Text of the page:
There are several parallels and distinctions between a green card and full citizenship. To be more explicit, a person who holds a green card is fully protected by the law while in the country. In addition, assimilation into a country’s citizenry is a step in the immigration process. As a result, most green card holders ultimately apply for and are granted citizenship.
Distinctions Between a Green Card and Citizenship
The process of becoming a citizen is quite different from that of obtaining a green card. Green card holders are not permanent U.S. citizens, as was previously said. The bearer of a green card has the legal right to remain in the United States and to seek employment. Yet the green card holder lacks the full range of citizens’ privileges, including the ability to vote. A person with a green card may need to wait a few years before they are granted full citizenship.
A Few of the Many Rewards of U.S. Citizenship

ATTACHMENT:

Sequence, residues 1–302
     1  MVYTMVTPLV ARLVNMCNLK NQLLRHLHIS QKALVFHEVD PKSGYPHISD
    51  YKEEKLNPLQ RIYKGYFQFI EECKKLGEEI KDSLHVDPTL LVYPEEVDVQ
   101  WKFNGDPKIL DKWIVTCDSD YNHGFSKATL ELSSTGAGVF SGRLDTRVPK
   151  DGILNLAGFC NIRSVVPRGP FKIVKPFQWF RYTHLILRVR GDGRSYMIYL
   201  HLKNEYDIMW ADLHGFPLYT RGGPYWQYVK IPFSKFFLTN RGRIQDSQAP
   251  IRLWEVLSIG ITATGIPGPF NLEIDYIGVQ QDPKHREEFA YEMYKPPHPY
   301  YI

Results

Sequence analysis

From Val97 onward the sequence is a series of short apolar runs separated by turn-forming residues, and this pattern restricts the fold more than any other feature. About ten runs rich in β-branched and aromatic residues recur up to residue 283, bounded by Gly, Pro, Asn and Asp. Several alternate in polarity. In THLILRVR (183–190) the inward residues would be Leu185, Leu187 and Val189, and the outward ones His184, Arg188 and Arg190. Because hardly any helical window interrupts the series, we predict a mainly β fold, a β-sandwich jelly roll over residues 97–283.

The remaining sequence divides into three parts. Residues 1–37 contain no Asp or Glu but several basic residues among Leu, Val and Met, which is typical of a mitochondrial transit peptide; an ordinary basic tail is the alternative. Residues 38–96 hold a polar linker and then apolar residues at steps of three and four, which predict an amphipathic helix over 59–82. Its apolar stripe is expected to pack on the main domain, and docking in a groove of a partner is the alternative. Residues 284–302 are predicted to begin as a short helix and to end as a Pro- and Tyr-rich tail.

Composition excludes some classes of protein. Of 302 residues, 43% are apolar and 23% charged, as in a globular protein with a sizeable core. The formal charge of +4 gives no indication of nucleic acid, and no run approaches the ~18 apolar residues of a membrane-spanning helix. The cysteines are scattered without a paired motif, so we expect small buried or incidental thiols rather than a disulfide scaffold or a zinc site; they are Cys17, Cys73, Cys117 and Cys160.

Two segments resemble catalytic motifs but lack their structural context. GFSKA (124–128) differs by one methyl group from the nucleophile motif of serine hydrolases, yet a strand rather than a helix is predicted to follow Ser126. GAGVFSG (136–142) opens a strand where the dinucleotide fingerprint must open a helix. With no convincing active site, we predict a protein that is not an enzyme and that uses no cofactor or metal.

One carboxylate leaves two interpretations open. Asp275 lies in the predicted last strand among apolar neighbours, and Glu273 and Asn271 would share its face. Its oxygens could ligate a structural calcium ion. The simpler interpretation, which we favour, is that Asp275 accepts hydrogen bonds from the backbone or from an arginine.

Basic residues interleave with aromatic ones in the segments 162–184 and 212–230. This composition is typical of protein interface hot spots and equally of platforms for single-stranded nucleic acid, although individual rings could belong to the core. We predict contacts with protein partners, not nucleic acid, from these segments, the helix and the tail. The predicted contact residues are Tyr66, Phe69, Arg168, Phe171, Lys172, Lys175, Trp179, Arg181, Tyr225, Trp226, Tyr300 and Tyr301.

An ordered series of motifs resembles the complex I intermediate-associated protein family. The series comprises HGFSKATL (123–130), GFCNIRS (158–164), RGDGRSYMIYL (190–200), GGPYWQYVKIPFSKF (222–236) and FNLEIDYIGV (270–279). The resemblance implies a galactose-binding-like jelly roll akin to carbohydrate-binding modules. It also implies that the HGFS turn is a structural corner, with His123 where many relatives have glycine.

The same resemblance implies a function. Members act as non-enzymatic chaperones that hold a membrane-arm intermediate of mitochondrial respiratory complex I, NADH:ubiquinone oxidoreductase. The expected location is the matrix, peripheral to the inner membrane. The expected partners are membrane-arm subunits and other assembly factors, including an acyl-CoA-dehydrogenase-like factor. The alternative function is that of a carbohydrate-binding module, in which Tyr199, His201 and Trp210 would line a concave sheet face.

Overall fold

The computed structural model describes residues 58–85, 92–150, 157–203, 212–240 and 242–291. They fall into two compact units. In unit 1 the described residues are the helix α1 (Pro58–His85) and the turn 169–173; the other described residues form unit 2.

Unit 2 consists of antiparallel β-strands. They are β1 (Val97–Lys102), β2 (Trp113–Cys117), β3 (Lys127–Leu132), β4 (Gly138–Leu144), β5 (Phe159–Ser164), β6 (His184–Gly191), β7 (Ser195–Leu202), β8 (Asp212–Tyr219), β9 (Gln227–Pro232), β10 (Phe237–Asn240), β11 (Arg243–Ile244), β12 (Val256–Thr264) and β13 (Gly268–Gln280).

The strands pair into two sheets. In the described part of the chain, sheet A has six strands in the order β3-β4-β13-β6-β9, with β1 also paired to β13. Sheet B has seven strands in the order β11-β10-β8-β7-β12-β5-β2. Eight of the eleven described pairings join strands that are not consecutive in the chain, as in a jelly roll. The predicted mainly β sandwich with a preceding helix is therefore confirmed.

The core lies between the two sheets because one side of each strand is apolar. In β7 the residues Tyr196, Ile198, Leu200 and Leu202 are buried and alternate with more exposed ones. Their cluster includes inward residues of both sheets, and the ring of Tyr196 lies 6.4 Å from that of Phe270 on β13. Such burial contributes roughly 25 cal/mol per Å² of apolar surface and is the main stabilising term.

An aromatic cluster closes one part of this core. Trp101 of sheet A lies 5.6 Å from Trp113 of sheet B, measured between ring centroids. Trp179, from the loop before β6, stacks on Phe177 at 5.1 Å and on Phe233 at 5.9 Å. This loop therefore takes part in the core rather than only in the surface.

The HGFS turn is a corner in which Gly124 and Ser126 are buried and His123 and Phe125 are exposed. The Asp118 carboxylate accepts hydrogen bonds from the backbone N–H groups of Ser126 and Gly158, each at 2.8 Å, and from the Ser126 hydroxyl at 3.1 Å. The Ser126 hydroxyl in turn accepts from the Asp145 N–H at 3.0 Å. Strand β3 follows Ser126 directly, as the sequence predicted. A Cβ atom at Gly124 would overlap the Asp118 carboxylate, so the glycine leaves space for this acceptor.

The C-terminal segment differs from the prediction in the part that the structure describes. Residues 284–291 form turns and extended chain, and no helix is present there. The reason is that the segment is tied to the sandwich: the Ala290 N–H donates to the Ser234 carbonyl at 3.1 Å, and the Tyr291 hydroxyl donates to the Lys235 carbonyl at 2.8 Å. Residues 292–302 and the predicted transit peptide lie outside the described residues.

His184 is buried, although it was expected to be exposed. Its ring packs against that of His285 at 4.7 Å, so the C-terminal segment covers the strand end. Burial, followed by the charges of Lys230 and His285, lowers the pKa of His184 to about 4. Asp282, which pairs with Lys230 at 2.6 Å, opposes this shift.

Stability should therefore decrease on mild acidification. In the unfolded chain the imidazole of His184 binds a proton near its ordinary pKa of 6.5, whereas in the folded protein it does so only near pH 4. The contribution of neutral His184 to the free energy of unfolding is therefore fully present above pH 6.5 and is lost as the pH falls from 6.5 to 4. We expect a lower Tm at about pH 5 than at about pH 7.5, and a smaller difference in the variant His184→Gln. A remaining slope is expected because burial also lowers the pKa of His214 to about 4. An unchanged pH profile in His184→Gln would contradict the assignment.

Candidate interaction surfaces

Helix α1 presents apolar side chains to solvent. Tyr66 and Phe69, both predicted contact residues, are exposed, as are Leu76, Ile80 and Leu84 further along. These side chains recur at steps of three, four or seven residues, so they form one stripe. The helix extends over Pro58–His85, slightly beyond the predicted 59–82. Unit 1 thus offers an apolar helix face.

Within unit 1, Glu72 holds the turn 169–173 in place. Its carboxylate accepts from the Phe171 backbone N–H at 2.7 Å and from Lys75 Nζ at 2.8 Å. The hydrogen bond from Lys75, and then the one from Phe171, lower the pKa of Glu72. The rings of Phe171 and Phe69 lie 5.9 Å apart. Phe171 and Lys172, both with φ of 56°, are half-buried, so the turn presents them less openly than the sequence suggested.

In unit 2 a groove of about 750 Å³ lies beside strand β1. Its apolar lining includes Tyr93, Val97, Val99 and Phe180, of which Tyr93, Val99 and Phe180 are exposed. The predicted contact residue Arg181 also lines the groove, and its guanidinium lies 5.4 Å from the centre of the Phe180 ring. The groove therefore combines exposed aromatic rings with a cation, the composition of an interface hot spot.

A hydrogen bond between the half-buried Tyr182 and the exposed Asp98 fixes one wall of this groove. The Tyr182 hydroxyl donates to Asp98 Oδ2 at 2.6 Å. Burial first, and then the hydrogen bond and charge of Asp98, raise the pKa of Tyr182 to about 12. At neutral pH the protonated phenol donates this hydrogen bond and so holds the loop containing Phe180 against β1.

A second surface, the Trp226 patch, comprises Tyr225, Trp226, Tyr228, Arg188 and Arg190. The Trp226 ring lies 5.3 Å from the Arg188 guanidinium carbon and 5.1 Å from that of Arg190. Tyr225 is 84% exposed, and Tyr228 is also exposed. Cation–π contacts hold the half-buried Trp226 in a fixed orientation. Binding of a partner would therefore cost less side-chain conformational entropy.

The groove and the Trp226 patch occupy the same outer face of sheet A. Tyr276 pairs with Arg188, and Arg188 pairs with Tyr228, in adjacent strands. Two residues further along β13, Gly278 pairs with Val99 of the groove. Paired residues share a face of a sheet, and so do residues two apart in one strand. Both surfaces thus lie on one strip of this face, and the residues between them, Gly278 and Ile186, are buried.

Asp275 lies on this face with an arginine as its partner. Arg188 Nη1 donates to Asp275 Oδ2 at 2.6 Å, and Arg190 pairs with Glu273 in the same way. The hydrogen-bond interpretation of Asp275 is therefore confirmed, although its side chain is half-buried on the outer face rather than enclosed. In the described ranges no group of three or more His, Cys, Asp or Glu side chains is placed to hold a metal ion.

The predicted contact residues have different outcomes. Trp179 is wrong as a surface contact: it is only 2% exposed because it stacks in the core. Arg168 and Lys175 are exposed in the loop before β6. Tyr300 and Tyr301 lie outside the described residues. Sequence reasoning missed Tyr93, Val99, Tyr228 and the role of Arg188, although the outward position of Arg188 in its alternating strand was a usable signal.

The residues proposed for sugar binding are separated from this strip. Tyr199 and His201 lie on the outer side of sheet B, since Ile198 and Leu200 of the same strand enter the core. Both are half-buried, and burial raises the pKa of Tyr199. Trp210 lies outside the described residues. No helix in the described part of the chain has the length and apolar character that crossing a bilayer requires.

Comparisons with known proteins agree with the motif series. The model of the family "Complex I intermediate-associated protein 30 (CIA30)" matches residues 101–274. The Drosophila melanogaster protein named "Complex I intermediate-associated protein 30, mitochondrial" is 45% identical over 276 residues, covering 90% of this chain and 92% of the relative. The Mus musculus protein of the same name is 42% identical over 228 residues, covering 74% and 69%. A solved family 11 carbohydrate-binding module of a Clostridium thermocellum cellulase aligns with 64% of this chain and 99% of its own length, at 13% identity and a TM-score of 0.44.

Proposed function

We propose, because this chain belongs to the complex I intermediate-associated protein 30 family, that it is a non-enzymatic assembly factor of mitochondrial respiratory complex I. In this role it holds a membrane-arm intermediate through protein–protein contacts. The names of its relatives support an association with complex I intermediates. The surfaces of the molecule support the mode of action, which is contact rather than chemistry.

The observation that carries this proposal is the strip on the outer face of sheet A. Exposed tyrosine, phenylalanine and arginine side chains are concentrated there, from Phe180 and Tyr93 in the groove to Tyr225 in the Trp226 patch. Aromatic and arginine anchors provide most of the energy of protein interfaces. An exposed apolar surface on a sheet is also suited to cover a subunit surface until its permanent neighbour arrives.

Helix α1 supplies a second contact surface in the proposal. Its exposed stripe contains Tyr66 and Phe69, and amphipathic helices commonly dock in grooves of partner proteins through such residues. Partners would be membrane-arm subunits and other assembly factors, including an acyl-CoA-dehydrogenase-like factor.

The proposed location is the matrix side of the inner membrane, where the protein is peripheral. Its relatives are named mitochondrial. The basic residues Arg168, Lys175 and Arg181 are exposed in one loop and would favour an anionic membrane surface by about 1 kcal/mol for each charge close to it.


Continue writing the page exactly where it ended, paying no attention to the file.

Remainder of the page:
There is a heightened degree of support for the people of the United States. Therefore, people who are not U.S. citizens go there intending to complete the naturalization process so that they may become full citizens. There is a $680 filing fee, a mountain of paperwork, fingerprints, and an in-depth interview involved in the naturalization procedure.
But once you become a citizen, you get access to a wide range of benefits, such as the ones listed below:
Why do people seek to become legal residents
People who are not citizens often rush to apply for a green card as soon as they meet the requirements. The freedom to travel domestically and abroad and to, submit an immigration petition for all immediate family members also to receive green cards are two significant advantages of holding a green card. However, keep in mind that green card holders cannot be away from the country for more than six months without risking losing their residency status.
Obtaining a green card in the United States may be challenging due to the small number of eligible applicants and the annual cap placed by the USCIS on the number of green cards it grants. The application procedure for green card status is long and complicated, so bear that in mind. In addition, the USCIS may still find you ineligible for green card status even if you fit into one of the qualifying categories.
A person may be deemed inadmissible for various reasons, including but not limited to a criminal or terrorist record, immigration infractions in the past, health problems, financial difficulties, etc.